by Ryan Holiday
This is a guide through stoic philosophy without being one. Stoicism isn’t particularly well known. Most know it’s something Roman-related, and calling someone “stoic” means they appear cold an unfeeling.
Stoicism actually is a philosophy about how to live life. It’s like a Roman version of Zen.
This book skips talking about stoicism, and gives a well-structured guide to how to think about life and the obstacles it throws at you. It includes lots of great stories from some people you’ve heard of, some you haven’t, to serve as examples to illustrate each point.
Points that stood out to me:
- Turn challenges into “I can make this good”
- Don’t be a slave to your impulses
- Being able to turn obstacles into opportunities requires self-discipline and logic
- You don’t have to agree with what your mind tells you
- Learn to separate the unlikely from the impossible
- Focusing on what is in your power magnifies your power
- Half of all fortune 500 companies were started in recessions or during poor economic conditions. Success isn’t about good conditions. It’s about accepting the conditions you have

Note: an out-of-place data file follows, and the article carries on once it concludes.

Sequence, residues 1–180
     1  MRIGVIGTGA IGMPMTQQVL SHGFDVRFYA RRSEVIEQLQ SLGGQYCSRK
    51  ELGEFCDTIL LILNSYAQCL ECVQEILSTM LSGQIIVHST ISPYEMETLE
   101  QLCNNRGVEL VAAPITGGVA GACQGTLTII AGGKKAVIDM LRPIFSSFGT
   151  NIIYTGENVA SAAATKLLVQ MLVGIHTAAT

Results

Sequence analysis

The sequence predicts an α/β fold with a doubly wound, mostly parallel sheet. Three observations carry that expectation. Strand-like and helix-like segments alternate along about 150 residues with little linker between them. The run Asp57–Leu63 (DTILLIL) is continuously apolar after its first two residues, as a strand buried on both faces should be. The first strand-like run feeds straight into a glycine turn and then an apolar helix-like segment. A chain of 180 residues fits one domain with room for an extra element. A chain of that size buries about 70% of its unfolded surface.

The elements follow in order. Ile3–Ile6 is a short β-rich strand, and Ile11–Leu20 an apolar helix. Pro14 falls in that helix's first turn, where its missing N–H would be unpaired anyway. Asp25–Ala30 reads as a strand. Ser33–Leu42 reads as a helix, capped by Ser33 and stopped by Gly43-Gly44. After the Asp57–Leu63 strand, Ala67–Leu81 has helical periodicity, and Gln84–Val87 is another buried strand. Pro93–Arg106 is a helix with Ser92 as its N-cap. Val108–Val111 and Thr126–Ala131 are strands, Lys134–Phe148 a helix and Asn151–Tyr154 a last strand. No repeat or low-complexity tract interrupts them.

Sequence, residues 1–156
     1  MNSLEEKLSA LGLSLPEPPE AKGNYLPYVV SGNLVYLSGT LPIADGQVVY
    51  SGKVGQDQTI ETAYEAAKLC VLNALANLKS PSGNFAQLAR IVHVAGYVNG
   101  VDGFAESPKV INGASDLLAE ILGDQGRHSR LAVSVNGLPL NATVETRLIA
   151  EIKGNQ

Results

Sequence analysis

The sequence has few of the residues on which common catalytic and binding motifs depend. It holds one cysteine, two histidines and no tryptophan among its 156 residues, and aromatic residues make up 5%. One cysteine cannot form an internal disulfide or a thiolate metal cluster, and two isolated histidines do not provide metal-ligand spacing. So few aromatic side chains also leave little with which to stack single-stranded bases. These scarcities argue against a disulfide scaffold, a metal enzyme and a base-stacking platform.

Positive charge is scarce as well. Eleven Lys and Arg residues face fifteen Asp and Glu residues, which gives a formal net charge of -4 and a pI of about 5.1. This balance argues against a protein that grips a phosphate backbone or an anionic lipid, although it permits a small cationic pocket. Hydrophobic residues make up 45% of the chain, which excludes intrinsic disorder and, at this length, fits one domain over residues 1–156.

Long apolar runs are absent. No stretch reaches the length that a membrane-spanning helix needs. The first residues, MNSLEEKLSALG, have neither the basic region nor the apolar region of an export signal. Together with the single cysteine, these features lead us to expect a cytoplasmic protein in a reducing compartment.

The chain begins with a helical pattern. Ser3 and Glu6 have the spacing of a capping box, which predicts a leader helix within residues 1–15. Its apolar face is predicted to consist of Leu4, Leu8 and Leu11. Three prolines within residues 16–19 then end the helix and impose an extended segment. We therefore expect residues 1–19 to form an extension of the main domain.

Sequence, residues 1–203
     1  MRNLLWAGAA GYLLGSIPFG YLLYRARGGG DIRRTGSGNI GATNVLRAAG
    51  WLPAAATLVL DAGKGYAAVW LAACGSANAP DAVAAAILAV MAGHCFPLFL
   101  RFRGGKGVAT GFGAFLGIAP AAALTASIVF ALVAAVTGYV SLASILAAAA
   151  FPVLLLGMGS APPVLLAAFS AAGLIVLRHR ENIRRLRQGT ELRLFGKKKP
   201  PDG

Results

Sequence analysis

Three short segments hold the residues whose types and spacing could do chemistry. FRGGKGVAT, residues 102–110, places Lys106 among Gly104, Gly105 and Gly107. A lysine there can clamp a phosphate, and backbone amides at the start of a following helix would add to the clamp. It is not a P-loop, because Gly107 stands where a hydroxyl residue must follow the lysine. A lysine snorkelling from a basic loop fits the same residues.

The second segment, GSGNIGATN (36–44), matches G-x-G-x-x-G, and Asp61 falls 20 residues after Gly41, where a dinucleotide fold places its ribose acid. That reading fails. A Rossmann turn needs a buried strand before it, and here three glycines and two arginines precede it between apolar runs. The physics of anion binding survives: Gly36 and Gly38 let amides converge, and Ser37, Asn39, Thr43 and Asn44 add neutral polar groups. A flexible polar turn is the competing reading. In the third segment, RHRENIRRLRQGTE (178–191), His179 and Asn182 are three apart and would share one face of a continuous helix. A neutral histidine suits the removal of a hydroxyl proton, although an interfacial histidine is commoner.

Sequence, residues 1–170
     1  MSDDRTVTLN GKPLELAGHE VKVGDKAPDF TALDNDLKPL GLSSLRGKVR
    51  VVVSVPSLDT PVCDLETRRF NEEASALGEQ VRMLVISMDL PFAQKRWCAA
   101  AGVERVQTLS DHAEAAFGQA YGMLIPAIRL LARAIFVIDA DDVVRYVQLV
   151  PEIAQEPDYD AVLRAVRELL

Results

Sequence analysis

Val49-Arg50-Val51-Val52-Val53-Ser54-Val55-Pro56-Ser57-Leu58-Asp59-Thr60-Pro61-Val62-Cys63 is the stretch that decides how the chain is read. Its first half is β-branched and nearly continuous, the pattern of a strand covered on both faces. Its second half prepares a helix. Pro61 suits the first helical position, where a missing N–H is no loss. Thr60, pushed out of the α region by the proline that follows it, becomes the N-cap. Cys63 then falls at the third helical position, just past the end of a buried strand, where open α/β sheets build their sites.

- Take action as soon as you can, don’t wait for the perfect opportunity
- Genius is often persistence in disguise
- Being trapped is just position, not a fate
- Channel your energy. Be physically loose and mentally tight
- Every situation that blocks our path actually presents new path
- Personal pain can be an advantage. Your words go to people’s hearts if they come from yours
- Craft spiritual strength through physical exercise
- Resisting the setbacks in life is as useless as arguing with a traffic light. The only option is to accept and act accordingly
- All paths lead to death. Might as well choose a path you like
- Be like fire: whatever it is given it consumes and grows stronger
Turns out philosophy is not some heady game for scholars. It is, in fact, about finding practical solutions to life’s challenges.